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Abbamont v. Piscataway Township Board of Education

Superior Court of New Jersey, Appellate Division
Nov 29, 1993
269 N.J. Super. 11 (App. Div. 1993)


holding that plaintiff's "adequate ventilation" concern bore a substantial nexus to PEOSHA's clear mandate of public policy

Summary of this case from Cotto v. Newark Pub. Sch.


Argued October 18, 1993 —

Decided November 29, 1993.

Appeal from Superior Court, Law Division, Middlesex County


Glen D. Savits argued the cause for appellant ( Wilentz, Goldman Spitzer, attorneys; Mr. Savits, of counsel, and on the brief). David B. Rubin argued the cause for respondent ( Rubin, Rubin, Malgran, Kaplan Kuhn, attorneys; Mr. Rubin, of counsel and on the brief).

Peter van Schaick argued the cause for amicus curiae New Jersey Employee Lawyers Association ( Mr. van Schaick, of counsel and on the letter brief).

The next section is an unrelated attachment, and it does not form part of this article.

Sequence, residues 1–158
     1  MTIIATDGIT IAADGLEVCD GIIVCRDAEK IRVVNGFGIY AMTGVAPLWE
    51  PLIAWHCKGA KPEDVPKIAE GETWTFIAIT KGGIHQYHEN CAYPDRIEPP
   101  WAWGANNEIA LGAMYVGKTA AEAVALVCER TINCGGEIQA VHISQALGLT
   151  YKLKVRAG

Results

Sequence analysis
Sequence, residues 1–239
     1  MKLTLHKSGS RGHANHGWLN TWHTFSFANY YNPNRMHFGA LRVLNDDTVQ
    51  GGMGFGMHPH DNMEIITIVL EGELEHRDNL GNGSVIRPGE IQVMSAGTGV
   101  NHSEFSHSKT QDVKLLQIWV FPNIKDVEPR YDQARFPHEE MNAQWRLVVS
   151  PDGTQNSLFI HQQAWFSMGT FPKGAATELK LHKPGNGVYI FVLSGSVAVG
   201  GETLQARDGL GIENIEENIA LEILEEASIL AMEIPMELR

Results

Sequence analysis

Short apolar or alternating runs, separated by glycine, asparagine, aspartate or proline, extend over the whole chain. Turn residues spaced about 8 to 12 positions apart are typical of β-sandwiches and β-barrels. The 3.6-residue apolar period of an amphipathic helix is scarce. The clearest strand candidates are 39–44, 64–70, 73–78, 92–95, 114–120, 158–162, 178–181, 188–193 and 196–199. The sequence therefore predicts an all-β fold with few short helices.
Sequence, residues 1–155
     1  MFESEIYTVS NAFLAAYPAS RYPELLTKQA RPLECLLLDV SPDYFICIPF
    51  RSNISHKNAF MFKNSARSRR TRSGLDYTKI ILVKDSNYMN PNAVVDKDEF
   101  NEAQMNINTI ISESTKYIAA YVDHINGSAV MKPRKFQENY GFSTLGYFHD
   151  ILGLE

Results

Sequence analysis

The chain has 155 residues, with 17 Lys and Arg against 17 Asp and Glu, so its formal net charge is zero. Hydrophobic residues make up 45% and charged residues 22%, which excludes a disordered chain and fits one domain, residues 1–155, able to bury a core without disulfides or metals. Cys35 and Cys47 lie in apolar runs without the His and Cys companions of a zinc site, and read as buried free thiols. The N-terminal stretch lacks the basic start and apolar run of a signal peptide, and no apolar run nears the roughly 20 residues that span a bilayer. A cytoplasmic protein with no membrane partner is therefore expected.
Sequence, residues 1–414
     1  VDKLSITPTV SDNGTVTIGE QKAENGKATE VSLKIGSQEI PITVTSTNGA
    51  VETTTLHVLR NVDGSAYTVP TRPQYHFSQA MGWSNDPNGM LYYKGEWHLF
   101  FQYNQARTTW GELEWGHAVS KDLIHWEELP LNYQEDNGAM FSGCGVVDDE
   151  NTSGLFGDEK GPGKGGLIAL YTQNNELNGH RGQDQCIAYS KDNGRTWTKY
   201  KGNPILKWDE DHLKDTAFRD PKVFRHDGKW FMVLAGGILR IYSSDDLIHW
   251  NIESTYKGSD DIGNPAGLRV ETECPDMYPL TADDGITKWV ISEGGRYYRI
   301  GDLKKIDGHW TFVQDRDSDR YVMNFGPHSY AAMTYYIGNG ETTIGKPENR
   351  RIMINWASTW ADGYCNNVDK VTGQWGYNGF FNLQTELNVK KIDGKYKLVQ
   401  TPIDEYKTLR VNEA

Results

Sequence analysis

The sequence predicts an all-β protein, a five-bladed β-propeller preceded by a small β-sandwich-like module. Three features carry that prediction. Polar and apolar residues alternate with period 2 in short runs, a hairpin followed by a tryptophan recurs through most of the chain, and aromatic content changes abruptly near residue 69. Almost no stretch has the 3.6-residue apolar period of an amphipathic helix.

Plaintiff, a non-tenured public school teacher, brought this action against his former employer, defendant Piscataway Township Board of Education, under the Conscientious Employee Protection Act (CEPA), N.J.S.A. 34:19-1 to -8. Plaintiff alleged that he was not rehired in retaliation for his complaints about the inadequate ventilation in his shop, which created a hazardous condition that he "reasonably believe[d] . . . [was] incompatible with a clear mandate of public policy concerning the public health, safety or welfare." N.J.S.A. 34:19-3c(3). Plaintiff demanded reinstatement and back pay with benefits, attorneys' fees, punitive damages and costs. At trial, the judge reserved decision on defendant's motion to dismiss, but, after a jury verdict in favor of plaintiff for $60,000, granted the motion and dismissed the complaint. Plaintiff's motion for a new trial was denied. Plaintiff appeals. We reverse and remand for a trial solely on punitive damages.